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Individual placement and support (IPS) is effective in helping patients return to work but is poorly implemented because of clinical ambivalence and fears of relapse.
To assess whether a motivational intervention (motivational interviewing) directed at clinical staff to address ambivalence about employment improved patients' occupational outcomes.
Two of four early intervention teams that already provided IPS were randomised to receive motivational interviewing training for clinicians, focused on attitudinal barriers to employment. The trial was registered with the International Standard Randomised Controlled Trial Register (ISRCTN71943786).
Of 300 eligible participants, 159 consented to the research. Occupational outcomes were obtained for 134 patients (85%) at 12-month follow-up. More patients in the intervention teams than in the IPS-only teams achieved employment by 12 months (29/68 v. 12/66). A random effects logistic regression accounting for clustering by care coordinator, and adjusted for participants' gender, ethnicity, educational and employment history and clinical status scores, confirmed superiority of the intervention (odds ratio = 4.3, 95% CI 1.5–16.6).
Employment outcomes were enhanced by addressing clinicians' ambivalence about their patients returning to work.
To examine the effects of implementing the individual placement and support (IPS) approach within four community mental health teams (CMHTs). Demographic, clinical and vocational data were collected through a repeated cross-sectional survey. Additionally, a service user experience survey was conducted.
The IPS approach appears to have a significant effect on the employment rates of service users; a higher proportion felt able to return to employment and a smaller proportion believed they were unable to work because of their mental health problems. Employment rates for service users appear to be independent of general employment rates.
Implementing IPS appears to increase the employment rates in CMHTs resulting in increased service user expectations of being able to return to work.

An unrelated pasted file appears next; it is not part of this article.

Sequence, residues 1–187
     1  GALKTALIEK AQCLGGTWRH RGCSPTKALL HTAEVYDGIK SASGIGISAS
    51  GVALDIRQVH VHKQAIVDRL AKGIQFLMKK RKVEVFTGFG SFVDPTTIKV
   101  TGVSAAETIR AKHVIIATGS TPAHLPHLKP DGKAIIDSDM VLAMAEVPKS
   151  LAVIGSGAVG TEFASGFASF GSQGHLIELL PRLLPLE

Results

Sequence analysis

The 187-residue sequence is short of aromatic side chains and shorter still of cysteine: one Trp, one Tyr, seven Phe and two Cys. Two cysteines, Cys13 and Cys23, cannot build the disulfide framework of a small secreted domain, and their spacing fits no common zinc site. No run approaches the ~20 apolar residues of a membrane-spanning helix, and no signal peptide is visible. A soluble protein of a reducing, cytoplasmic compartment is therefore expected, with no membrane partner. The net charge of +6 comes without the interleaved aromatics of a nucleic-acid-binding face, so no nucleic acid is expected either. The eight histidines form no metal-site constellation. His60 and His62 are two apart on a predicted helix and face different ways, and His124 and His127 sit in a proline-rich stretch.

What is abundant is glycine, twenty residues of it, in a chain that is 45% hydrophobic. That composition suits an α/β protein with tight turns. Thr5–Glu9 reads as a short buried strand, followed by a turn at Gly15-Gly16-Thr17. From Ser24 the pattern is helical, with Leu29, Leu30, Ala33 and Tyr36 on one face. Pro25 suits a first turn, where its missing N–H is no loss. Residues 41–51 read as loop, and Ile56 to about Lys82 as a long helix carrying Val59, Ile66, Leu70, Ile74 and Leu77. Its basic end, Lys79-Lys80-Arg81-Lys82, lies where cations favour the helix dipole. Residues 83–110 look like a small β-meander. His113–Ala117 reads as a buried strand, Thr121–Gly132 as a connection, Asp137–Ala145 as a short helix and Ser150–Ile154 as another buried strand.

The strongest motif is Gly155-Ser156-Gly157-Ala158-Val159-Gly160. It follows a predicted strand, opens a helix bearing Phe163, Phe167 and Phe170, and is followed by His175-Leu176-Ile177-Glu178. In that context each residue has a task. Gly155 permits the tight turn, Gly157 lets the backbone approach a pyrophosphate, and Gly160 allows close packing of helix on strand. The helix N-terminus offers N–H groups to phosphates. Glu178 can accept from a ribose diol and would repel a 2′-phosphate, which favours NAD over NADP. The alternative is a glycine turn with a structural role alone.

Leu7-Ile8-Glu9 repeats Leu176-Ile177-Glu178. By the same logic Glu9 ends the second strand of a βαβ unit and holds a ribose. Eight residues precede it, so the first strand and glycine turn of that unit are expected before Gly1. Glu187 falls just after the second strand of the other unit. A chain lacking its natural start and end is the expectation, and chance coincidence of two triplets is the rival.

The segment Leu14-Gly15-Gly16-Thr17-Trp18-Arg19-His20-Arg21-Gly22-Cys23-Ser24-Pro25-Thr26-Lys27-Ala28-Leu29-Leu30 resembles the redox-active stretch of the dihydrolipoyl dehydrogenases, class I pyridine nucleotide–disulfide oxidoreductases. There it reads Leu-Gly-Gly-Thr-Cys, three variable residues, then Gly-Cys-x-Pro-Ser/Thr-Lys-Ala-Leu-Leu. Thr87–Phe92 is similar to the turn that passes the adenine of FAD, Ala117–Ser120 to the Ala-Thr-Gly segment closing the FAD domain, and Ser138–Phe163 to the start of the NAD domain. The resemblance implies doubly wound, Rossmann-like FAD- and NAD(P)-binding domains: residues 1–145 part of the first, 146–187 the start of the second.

Vocational rehabilitation for people with severe mental health problems is
poorly developed in the UK. Although there is a clear evidence base
indicating the effectiveness of approaches to helping people with severe
mental health problems gain and retain employment there is generally a lack
of awareness of this evidence. As a result there has been a lack of
implementation within routine clinical practice of the most effective
approaches to improving employment outcomes for such individuals.
We evaluated the impact of implementing the individual placement and support (IPS) approach within eight community mental health teams (CMHTs) in two London boroughs. Demographic, clinical and vocational data were collected enabling a comparison of the number of people supported in work/education and individual client outcomes at 6 and 12 months.
Following the integration of employment specialists there were significant increases in the number and proportion of clients engaged in mainstream work or educational activity at 6 months and 12 months. The employment specialists supported 38% in open employment at 6 months and 39% at 12 months.
The results support the use of IPS in clinical practice in CMHTs.
To examine the effectiveness of integrating evidence-based supported employment into an early intervention service for young people with first-episode psychosis. Demographic, clinical and vocational data were collected over a 12-month period to evaluate the effect on vocational outcomes at 6 months and 12 months of the employment of a vocational specialist, and to assess model fidelity.
Following vocational profiling and input from the vocational specialist and the team, there were significant increases in the proportion of clients engaged in work or educational activity over the first 6 months of the intervention, and in a subsample over a second 6-month period. The evidence-based Supported Employment Fidelity Scale was used to measure the degree of implementation, which scored 71, signifying ‘good implementation’.
The results suggest that implementing evidence-based supported employment within an early intervention service increases employment and education opportunities for patients within the service.
To examine the vocational status of people with longer-term mental health problems in the inner London Borough of Wandsworth. Data collected over 10 years on 1 April each year as part of an annual census of adults with longer-term mental health problems using community mental health and rehabilitation teams were analysed to examine the vocational status of these groups.
Within the borough unemployment rates among people with longer-term mental health problems increased steadily during the 1990s, despite a decreasing rate of general unemployment for the majority of that period. Unemployment among people with long-term mental health problems increased from 80% in 1990 to 92% in 1999, and the unemployment rates among those with a diagnosis of schizophrenia increased from 88% in 1990 to 96% in 1999.
Work and employment is important in health as well as social functioning. Greater attention to vocational issues in clinical teams is required: the challenge for mental health services is to make employment interventions of demonstrated effectiveness available to all who need them.
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